In the 175 days since Louisville police killed Breonna Taylor, she has become a fulcrum for a movement. Her unjust death, alongside too many others, galvanized a wounded nation into leaving their homes, taking up protest signs, demanding justice and the kind of accountability from law enforcement that rarely comes. By design of those drawing attention to her case, her face has become ubiquitous at rallies, on magazine covers, on Instagram grids. She’s become, for better and for worse, a symbol of what happens when unchecked policing and racism collide. This deification can serve a purpose, but it also strips a person of their inherent humanity. Before Breonna Taylor was a hashtag, she was a human being.
With “The Killing of Breonna Taylor,” documentarian Yoruba Richen and the New York Times try to investigate and explain exactly how this happened to a 26 year-old EMT who spent her last minutes falling asleep during a game of Uno. It overall does an admirable job trying to address both the reality of Taylor’s life and paint the bigger picture of what her death has meant. But even if this weren’t an ongoing and ever-evolving case, “The Killing of Breonna Taylor” just can’t cover everything it touches in enough depth. There are conservatively three different episodes within this single one, each worthy of more time and space than this single hour can afford it.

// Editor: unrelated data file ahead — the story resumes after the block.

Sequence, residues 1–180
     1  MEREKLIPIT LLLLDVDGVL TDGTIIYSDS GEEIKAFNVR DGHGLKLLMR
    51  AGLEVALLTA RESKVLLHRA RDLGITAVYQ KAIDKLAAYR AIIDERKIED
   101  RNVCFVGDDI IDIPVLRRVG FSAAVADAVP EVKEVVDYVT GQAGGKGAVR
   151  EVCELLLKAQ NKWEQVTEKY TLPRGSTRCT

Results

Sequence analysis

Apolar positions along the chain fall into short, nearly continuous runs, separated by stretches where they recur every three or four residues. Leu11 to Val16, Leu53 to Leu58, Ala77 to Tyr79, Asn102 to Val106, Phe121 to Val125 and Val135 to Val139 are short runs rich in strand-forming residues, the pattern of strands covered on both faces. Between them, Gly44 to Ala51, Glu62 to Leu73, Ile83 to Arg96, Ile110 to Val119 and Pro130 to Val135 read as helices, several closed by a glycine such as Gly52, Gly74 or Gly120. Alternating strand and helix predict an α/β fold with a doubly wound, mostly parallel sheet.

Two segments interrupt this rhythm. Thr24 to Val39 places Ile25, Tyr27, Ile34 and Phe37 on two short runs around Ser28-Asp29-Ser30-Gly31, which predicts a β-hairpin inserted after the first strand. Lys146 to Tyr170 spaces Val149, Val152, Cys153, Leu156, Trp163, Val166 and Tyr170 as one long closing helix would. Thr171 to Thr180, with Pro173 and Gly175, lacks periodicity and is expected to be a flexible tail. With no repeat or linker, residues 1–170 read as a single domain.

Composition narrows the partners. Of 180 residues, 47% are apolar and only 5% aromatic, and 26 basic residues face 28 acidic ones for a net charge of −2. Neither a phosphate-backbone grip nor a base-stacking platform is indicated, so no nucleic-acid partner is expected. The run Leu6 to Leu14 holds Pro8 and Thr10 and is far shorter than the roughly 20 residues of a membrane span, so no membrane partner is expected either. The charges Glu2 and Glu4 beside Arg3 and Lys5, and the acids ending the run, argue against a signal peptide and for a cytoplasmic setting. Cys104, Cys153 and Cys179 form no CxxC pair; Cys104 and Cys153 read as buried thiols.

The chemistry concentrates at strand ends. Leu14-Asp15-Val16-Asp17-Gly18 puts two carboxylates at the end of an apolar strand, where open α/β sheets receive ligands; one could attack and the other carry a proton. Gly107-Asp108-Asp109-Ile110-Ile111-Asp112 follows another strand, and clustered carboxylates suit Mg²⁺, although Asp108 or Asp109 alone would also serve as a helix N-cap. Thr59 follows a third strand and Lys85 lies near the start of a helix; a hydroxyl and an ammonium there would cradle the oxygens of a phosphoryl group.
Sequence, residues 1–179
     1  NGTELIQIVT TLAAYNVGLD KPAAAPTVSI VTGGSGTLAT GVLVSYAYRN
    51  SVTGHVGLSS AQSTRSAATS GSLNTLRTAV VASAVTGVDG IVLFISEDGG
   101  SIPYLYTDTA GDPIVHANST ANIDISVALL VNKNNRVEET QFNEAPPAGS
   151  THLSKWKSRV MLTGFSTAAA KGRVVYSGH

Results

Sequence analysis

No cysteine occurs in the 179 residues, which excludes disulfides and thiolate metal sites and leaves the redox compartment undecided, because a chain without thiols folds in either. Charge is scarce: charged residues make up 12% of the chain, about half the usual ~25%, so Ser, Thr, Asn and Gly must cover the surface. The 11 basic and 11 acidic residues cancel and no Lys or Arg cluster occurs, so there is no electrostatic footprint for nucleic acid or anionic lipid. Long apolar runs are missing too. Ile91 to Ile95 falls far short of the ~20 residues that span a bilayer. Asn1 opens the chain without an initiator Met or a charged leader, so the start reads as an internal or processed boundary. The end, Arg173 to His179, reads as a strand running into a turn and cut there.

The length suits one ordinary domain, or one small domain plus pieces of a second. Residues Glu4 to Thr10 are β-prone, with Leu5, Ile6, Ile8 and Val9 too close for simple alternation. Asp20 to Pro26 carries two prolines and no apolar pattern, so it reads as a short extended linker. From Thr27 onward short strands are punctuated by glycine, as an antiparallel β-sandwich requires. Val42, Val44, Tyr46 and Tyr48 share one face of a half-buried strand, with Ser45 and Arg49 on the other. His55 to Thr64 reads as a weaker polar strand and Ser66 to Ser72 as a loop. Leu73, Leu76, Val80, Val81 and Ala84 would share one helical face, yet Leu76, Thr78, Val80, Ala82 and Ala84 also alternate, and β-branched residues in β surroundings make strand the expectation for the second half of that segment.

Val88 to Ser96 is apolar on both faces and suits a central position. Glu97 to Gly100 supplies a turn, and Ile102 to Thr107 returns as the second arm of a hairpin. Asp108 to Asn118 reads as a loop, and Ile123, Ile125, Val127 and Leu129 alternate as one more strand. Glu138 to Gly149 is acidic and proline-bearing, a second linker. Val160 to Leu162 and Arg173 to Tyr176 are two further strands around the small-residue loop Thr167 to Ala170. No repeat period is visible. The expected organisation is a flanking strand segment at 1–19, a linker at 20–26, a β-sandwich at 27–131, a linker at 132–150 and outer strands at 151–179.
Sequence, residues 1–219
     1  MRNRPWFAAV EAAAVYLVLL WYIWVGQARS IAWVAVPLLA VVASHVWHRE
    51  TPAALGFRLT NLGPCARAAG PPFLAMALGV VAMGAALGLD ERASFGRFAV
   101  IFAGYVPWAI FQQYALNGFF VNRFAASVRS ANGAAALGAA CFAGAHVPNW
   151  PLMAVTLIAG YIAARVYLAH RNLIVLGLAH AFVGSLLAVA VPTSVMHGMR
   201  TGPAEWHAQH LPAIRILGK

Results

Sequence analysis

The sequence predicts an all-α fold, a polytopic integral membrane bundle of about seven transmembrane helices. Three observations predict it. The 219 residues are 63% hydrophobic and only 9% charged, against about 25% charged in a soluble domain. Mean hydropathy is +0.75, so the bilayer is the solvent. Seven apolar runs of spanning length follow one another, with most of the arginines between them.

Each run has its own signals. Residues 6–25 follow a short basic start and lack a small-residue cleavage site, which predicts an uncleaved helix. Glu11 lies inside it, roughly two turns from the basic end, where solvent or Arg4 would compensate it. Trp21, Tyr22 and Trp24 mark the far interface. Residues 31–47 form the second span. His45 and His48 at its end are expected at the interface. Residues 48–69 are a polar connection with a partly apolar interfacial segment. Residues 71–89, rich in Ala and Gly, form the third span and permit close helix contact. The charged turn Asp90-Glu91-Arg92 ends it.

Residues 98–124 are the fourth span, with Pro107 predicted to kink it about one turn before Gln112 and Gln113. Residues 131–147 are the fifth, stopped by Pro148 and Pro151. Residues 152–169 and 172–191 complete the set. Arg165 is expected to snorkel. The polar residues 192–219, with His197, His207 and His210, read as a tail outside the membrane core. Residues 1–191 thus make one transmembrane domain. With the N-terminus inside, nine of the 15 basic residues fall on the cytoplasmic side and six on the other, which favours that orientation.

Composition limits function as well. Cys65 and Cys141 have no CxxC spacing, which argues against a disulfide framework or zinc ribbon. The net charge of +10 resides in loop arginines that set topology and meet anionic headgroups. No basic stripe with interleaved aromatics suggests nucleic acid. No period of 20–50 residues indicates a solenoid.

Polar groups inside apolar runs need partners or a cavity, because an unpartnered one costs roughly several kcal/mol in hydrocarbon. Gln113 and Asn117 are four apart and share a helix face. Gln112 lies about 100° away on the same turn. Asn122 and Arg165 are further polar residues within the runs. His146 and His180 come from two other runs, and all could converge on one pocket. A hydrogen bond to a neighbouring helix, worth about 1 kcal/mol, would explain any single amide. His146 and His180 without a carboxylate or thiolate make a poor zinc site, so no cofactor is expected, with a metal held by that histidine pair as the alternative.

The first third of the hourlong special breaks down the night itself, creating a straightforward, but intricate timeline of what actually happened. The second part digs into the aftermath, confusion and calls for an investigation. The third skims the surface of Kentucky’s history and Taylor’s place within it — an understandable instinct given the enormity of the movement surrounding her, but one that nonetheless leads to a rushed ending for a case that doesn’t have an ending at all. Throughout the hour, the documentarians speak with her grieving family — including her cousins, mother Tamika Palmer and boyfriend Kenneth Walker — who all describe her as enthusiastic, ambitious and “full of life.” They speak with her neighbors and her family’s lawyers, most downright baffled by how quickly the police lost control of the situation. In some of the documentary’s most startling scenes, it plays the first statements of both Walker and one of the officers, Sargeant Jonathan Mattingly. In one clip, we hear Mattingly laying out his version of events; in the other, we hear Walker, sobbing in pain.
In these moments, you can feel a tension familiar to TV documentaries that cover devastating real life trauma. The Killing of Breonna Taylor” struggles to keep focus between laying out the facts of the case, humanizing those involved, explaining its greater significance and, unfortunately, leaning on some true crime tropes (like distractingly dramatic music and shots of ominous shadows) that threaten to undercut the severity of the subject matter. There could be a version of this documentary that manages to strike a balance between it all, but it would by all rights be five times as long and in depth than this one could be.
“The Killing of Breonna Taylor” premieres Friday, September 4 at 10 pm on FX.